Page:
Sheldon Silver Strikes Out at SCOTUS After Pardon Never Materializes

The U.S. Supreme Court turned down the appeal from the former speaker of the New York state Assembly without comment, but two Republican justices dissented.

Former New York Assembly Speaker Sheldon Silver leaves U.S. District Court in Manhattan on July 20 after he was sentenced to 6 1/2 years in prison in the corruption case that drove him from power. (AP Photo/John Minchillo)

WASHINGTON (CN) — Having failed to secure clemency from former President Donald Trump, convicted New York Assembly Speaker Sheldon Silver lost his bid Monday for a Supreme Court reversal.

The 76-year-old Democrat only began his nearly seven-year sentence for corruption over the summer, five years after the charges of which he was eventually convicted forced his resignation from the New York Legislature where he had reigned for over two decades.

Silver was convicted for the first time in late 2015, then retried and convicted again in the wake of Supreme Court precedent that weakened federal anti-bribery statutes. Before finally reporting to prison, however, the disgraced politician had his sentence reduced by six months.

Largely uncontested over the dragged-out litigation were the allegations against Silver, who earned than $3 million in referral fees from the law firm Weitz & Luxenberg while still in office.

A jury found, twice, that Silver abused his office during that time by steering state funds to a Columbia University researcher, Robert Taub, who referred his mesothelioma patients to Weitz & Luxenberg, which had specialized in asbestos-related claims.

Silver was convicted again after the Supreme Court stiffened the threshold for proving corruption with a 2016 ruling that freed former Virginia Governor Bob McDonnell.

Per its custom, the Supreme Court gave no comment in rejecting Silver’s latest appeal Monday. Justices Neil Gorsuch and Clarence Thomas did note, however, that they would have granted certiorari to consider whether extortion and bribery are conflated in Hobbs Act cases where the defendant is a public official.

Joined by Thomas, Gorsuch said even Justice Stephen Breyer has questioned the judgment of the 1992 case Evans v. United States, which ruled demands of public officials were not elements of extortion. Breyer did not issue any comment Monday.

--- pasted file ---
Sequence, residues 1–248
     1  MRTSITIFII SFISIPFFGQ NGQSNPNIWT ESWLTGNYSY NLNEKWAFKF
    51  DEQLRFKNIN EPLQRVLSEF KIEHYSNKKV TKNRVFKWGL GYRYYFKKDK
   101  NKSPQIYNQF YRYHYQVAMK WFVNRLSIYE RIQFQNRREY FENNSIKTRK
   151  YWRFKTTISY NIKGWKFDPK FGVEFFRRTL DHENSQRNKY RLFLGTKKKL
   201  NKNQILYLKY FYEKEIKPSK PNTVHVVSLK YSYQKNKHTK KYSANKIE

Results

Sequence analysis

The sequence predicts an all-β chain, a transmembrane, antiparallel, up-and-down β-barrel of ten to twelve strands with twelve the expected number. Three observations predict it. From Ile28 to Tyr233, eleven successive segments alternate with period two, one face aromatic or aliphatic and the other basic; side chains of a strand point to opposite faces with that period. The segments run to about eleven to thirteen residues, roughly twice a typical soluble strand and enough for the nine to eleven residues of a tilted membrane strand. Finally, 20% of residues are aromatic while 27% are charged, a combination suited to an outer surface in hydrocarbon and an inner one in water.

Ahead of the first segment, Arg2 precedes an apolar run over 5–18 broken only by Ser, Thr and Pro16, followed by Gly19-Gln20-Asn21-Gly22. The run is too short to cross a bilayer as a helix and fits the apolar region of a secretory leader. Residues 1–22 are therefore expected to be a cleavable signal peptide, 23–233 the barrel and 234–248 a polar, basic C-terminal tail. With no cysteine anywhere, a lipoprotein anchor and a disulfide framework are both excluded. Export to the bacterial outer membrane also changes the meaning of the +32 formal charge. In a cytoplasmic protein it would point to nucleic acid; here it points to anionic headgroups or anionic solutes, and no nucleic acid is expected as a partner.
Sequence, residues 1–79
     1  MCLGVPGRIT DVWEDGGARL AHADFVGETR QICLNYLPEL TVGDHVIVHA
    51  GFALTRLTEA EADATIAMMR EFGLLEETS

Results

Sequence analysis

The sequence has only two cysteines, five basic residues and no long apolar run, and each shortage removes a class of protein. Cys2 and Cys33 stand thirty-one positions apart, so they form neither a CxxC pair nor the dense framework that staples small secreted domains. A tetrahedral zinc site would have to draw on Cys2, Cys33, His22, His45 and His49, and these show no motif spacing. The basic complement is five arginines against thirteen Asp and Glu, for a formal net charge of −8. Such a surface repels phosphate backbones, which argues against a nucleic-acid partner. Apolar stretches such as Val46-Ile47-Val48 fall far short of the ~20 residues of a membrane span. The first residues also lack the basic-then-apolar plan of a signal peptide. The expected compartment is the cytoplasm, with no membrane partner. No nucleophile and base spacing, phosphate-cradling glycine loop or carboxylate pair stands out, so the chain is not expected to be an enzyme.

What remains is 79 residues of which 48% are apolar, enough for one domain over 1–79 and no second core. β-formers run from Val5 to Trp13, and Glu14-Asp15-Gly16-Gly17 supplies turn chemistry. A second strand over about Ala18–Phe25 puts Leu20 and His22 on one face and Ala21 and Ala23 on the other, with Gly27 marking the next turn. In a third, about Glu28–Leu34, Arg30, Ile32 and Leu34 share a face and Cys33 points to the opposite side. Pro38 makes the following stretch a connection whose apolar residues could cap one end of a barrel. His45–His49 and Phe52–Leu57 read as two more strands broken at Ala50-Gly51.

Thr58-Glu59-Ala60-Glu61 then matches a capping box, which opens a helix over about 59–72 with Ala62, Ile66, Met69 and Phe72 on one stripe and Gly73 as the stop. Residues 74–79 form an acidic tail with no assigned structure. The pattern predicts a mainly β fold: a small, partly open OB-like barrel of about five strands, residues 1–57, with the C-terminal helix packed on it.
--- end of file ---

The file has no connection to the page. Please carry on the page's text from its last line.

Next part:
Silver’s case was one of dozens that the Supreme Court spurned in its Monday list of orders. Though the court did not take up any new cases for argument, it did summarily reverse a number of lower court orders based on precedent.

Vacating a ruling against Planned Parenthood in one, the court instructed the Fifth Circuit to dismiss the case over Texas abortion restrictions as moot.

In another case out of Texas, the court said a federal judge should hold a hearing on the merits of whether the state discriminates on the basis of religion in barring spiritual advisors to be present when it executes prisoners on death row.

Ruben Gutierrez, whose execution the Supreme Court stayed in June, was convicted in 1998 of killing an 85-year-old woman with a screwdriver over $600,000. 

The Texas Department of Criminal Justice banned prison clergy from staying alongside those condemned to death in 2019. At the time, Patrick Murphy had requested a Buddhist priest to accompany him into the chamber, but the prison had employed only Muslim or Christian ministers to perform last rites. 

Shawn Nolan, an attorney representing Gutierrez with the Federal Community Defender’s office for the Eastern District of Pennsylvania, said it was paramount to allow spiritual advisors to be present during an inmate’s execution. 

“A condemned prisoner’s access to the comfort and guidance of a spiritual advisor at the time of his death is not a matter of convenience, it is a fundamental right,” Nolan said in a statement.

The Supreme Court issued one opinion Monday, dismissing a dispute over arbitration agreements as improvidently granted.

Henry Schein Inc. and Archer and White Sales Inc. were cross-petitioners in the case, fighting over whether courts can only order arbitration when there are no disputes over the matter in the first place. 

“When the parties have no agreement between them at all, it is hard to imagine any ‘clear and unmistakable’ agreement to arbitrate — much less one addressing the obscure topic of arbitrating arbitrability,” Archer and White Sales had said in its petition. 

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